Now that the UK has left the European Union, travelling to the continent is going to be a little different for British passport holders and is likely to go through some major changes over the next few years.
The transition period is set to come to an end at the end of 2020, finally bringing the Brexit saga to a close. In 2016, the United Kingdom voted to leave the EU in a referendum that ended with 52% in favour of exiting the union.
After four years of negotiations, the UK officially left the EU at the start of 2020. However, the country has continued to be subject to some of the union’s policies until the end of the year as Prime Minister Boris Johnson’s government has continued its negotiations with European officials. It is still unclear whether any trade deal will be made.
Meanwhile, the EU freedom of movement policy still applies to the UK until the end of 2020, meaning that British citizens can still travel to EU countries without restrictions or visa requirements.
In 2021, the rules will change, with UK nationals being treated as non-EU visitors. In 2022, the situation will take another turn as the EU launches its new ETIAS system. See more information.
Travelling to Europe in 2020
Although the coronavirus (COVID-19) pandemic has thrown the world of travel into chaos, the rules for Brits going to EU countries officially remain unchanged. Anyone with a UK passport can enter any EU member state without requiring a visa and is entitled to move to and find work in any of these countries until the end of December 2020.
Many EU countries have introduced additional rules due to COVID-19, such as completing a form online before boarding a flight or requiring incoming travellers to self-isolate for 14 days after arrival.
These rules vary from country to country and are constantly being updated.
Brits in the EU in 2021
2021 is when everything changes. UK nationals will no longer be EU citizens and will no longer enjoy the perks that come with it.
British citizens will not be automatically entitled to live and work in the EU; instead, they will have to apply for residence permits and work visas through the normal channels.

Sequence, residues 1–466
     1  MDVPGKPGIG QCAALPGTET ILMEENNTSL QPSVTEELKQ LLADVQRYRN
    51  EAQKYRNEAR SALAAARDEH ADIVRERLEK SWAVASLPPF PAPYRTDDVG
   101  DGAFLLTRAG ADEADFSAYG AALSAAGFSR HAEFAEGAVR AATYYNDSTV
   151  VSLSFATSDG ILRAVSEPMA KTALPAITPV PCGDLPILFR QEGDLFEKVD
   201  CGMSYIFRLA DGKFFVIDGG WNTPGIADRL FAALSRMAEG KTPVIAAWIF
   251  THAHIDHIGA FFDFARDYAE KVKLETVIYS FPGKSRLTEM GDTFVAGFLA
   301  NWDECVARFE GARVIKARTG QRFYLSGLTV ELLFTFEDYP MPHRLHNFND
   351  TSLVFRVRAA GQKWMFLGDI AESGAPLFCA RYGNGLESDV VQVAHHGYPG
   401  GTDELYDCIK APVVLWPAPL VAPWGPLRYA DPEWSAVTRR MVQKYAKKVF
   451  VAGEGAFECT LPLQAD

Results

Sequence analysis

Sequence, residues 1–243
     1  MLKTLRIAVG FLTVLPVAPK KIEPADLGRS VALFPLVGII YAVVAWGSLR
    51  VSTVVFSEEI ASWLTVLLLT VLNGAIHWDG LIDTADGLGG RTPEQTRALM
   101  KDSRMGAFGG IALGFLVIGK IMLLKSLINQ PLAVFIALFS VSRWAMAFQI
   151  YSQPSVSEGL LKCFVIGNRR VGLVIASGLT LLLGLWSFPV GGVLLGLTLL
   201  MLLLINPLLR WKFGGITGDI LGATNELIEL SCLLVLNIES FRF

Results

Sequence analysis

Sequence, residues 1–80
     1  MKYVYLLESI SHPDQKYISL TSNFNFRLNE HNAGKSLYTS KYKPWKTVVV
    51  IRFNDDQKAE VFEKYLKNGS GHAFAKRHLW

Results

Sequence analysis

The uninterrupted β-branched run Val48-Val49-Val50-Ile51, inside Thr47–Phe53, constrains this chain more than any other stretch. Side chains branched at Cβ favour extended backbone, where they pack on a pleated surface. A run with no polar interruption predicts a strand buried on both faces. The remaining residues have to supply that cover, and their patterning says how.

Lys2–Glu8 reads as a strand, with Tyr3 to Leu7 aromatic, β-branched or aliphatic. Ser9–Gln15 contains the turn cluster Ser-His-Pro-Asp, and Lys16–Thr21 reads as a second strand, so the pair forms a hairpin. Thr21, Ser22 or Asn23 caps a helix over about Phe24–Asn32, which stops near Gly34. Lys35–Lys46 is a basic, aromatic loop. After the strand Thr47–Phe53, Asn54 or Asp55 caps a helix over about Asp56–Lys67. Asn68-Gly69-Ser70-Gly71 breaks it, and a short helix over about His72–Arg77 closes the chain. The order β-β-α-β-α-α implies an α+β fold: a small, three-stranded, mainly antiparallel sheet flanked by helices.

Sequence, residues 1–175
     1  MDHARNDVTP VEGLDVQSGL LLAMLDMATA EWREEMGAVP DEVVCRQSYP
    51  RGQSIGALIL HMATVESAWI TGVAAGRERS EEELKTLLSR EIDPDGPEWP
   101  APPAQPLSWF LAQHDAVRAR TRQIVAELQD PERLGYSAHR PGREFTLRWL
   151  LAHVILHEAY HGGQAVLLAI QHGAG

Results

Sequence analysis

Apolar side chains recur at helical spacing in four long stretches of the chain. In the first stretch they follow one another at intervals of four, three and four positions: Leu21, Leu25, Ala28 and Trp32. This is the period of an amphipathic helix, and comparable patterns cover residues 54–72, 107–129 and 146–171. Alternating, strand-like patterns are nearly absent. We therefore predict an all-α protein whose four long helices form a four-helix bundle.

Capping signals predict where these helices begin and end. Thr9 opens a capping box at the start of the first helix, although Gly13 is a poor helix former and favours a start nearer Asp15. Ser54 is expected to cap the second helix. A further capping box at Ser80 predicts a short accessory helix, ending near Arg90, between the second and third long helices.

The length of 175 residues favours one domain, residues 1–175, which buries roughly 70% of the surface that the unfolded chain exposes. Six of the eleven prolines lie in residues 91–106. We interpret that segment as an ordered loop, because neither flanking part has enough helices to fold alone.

Brits already living in the EU will be able to apply for residency to preserve their rights to live and work in the country that they currently call home. However, the process of applying for residency varies depending on the individual country and in some places it is more complicated than in others.
It is still unclear whether Brits who are official EU residents will still enjoy freedom of movement throughout the whole union or whether EU rights will only apply in their country of residence.
The good news for British holidaymakers is that the EU has agreed to add the UK to its visa waiver list. This means that UK passport holders will still be able to travel to EU countries with only their passport, avoiding long visa applications and the associated fees.
However, the maximum length of time that Brits will be able to spend in the EU visa-free will be limited.
The only other noticeable difference for UK citizens will be standing in a different queue at border control.
2022 and ETIAS for UK Citizens
Towards the end of 2022, the EU plans to introduce a new travel authorisation system. This will affect visitors from all countries that currently do not need a visa to visit the EU and will almost certainly apply to British citizens for that reason.
The European Travel Information and Authorisation System, or ETIAS, is based on the US ESTA. Designed to improve security by pre-screening visa-free travellers, it will be completely electronic and visitors will be required to register online.
Many countries, including Canada, Australia, New Zealand, and the US have similar systems in place for foreign visitors in their visa waiver programmes and the UK government has also talked about implementing its own electronic travel authorisation system.
Once ETIAS is launched, it is likely that all Brits heading to the EU will have to register their details in an online form and pay a fee before travelling to Europe.